UK MPs try to force May to seek further Brexit delay

A group of British MPs wants to pass a law to prevent Britain from leaving the European Union without a deal.

    Parliament and the government remain divided over the terms of the UK's exit from the EU [Isabel Infantes/AFP]
    Parliament and the government remain divided over the terms of the UK's exit from the EU [Isabel Infantes/AFP]

    A group of members of British Parliament has said they will try to pass a law that would force Prime Minister Theresa May to seek a delay to the United Kingdom's departure from the European Union.

    The move, announced on Tuesday, is intended to prevent a potentially chaotic no-deal exit on April 12, following a third parliamentary defeat for May's Brexit divorce deal. 

    Leaving the EU without a deal is the default legal option if the UK cannot present another viable alternative to EU leaders, who are set to hold an emergency Brexit summit on April 10.

    "We are now in a really dangerous situation with a serious and growing risk of no-deal in 10 days' time," opposition Labour MP Yvette Cooper, who presented the bill, said on Tuesday.


    "There's been too much brinkmanship going on, everyone's leaving it to the final hours in the hope that somebody blinks first. The prime minister has a responsibility to prevent that [a no-deal exit] happening ...If the government won't act urgently, then parliament has a responsibility to try to ensure that happens even though we are right up against the deadline."

    Cooper has proposed the legislation alongside 11 other MPs from several political parties, including members of May's Conservative Party

    Al Jazeera's Paul Brennan, reporting from Westminster, London, said the cross-party attempt to put a one-clause legislative bill before parliament would likely be debated this week.

    "The expectation is, procedurally, that the bill would be debated on Wednesday, hopefully cleared by Thursday [by] the lower house and then go to the [House of] Lords for further consideration, but the timetable is extremely tight," he said. 


    "Essentially it uses the way that the MPs have taken control back from the government and put it in parliament, it uses that process to carve out a window of opportunity to put this bill up for debate, which would force the prime minister to apply for an extension of Article 50.

    "There is a real sense of almost panic here in parliament that the only alternative that is coming through as a default position is no deal and that's something that nobody here wants - in fact the MPs have already voted that they don't want that to happen," Brennan said. 

    EU cannot be 'held hostage'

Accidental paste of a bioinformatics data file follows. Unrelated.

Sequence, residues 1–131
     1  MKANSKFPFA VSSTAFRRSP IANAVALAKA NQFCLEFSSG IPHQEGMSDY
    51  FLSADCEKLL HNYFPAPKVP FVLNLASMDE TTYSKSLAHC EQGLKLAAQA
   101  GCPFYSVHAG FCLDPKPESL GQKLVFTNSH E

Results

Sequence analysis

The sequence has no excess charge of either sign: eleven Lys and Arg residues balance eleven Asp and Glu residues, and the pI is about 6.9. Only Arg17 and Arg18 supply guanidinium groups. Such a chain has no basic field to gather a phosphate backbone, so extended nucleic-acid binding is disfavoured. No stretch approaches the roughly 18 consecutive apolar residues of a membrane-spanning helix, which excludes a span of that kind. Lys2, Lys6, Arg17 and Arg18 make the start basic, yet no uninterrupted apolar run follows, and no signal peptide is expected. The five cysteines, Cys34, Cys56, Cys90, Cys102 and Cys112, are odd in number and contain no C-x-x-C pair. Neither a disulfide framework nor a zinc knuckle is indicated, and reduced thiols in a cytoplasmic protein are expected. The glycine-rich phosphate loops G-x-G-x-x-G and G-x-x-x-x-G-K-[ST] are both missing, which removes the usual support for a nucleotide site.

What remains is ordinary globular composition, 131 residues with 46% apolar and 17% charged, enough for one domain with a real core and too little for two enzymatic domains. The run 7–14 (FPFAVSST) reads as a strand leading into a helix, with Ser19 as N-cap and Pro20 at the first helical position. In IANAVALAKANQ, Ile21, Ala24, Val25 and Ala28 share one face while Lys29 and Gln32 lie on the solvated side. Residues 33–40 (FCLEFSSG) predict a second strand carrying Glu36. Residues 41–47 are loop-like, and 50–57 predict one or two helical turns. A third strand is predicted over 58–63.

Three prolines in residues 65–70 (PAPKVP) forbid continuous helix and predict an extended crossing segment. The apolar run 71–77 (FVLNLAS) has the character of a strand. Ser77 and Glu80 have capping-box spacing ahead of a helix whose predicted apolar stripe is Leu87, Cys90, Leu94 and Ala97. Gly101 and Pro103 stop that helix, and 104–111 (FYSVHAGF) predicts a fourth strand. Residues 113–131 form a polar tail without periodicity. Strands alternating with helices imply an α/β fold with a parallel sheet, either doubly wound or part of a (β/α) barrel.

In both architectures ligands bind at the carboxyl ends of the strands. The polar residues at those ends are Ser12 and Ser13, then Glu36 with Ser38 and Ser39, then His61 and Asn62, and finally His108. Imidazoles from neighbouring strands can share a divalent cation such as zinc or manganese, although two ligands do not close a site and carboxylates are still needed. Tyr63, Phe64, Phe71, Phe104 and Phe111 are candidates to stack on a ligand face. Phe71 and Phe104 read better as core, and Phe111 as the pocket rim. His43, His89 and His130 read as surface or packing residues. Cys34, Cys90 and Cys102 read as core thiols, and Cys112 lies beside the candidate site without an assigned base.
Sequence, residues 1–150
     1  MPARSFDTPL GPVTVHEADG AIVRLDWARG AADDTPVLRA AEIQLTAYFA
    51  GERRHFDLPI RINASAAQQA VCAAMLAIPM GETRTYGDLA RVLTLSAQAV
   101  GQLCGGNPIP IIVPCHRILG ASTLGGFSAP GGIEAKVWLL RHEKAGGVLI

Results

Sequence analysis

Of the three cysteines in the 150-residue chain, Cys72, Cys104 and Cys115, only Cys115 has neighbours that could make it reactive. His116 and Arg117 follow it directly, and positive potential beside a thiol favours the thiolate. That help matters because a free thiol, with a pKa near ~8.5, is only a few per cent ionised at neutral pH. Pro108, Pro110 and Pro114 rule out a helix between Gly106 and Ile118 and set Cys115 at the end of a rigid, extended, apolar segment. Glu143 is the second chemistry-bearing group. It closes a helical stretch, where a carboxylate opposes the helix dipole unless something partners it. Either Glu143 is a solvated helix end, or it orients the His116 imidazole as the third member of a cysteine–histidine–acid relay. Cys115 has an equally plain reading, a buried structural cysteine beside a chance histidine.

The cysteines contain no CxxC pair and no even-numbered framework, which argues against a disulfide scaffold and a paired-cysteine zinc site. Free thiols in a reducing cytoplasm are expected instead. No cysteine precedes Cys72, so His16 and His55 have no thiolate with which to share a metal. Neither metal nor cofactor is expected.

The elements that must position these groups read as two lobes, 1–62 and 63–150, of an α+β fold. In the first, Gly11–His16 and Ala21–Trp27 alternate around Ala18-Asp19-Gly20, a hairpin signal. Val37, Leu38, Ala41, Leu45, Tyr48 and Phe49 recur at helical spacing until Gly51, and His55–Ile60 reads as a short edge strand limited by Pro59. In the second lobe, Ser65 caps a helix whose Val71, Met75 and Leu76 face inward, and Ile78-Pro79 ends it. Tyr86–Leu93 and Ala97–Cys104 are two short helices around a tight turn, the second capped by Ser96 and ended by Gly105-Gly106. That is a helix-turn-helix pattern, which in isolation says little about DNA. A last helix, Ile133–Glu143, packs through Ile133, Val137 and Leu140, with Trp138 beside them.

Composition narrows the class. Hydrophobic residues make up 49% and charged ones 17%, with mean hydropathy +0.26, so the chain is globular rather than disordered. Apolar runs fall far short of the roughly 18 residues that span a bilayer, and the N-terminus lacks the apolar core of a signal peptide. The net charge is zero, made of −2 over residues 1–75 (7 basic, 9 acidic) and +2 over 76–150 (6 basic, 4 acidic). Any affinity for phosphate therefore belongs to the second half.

The other 27 EU member states would have to agree to any further delay to the negotiating period and have said the UK would need to provide a suitable reason.

    The UK government is eager to avoid any extension that would see the country participating in the European Parliamentary elections in May.

    Speaking in Brussels, Michel Barnier, the EU's chief Brexit negotiator, said a no deal scenario is becoming more probable each day. 

    "No deal was never our design or intended scenario, no deal was never my intended design or scenario, but the EU 27 is now prepared," he said. 

    French President Macron, right, addressed Brexit before a meeting with Irish leader Leo Varadkar [Philippe Wojazer/Reuters]

    French President Emmanuel Macron has urged the UK to come up with a plan before the summit in Brussels next week.

    Speaking on Tuesday before talks with Irish Taoiseach (prime minister) Leo Varadkar, Macron said the UK would only have itself to blame for a no-deal scenario.


    "If the United Kingdom is not capable, almost three years after the referendum, of coming forward with a solution that is supported by a majority, it will have effectively chosen a no-deal exit on its own," Macron said, adding that whether an alternative plan involved a snap election, a referendum or a customs union was for Britain to decide.

    "It's up for London to say it, and to say it now ... The EU cannot be held hostage to the resolution of a political crisis in the United Kingdom on a long-term basis."

    The action from MPs comes as May is holding crisis talks with her cabinet in a bid to break the Brexit deadlock.

    Al Jazeera's Neave Barker - reporting from outside 10 Downing Street, May's official residence - said senior ministers had been in talks for almost seven hours. 


    "What we're hearing is that the speaker of the House of Commons, John Bercow, has hinted that the only way that will be allowed to happen is if it is significantly different from the last time." 

    Monday's rejection of May's deal has left the government with a range of unpalatable choices. It can gamble on a fourth attempt to push May's unloved deal through Parliament, let Britain tumble out of the bloc without a deal, or roll the dice by opting for a snap election to shake up parliament.

    SOURCE: Al Jazeera and news agencies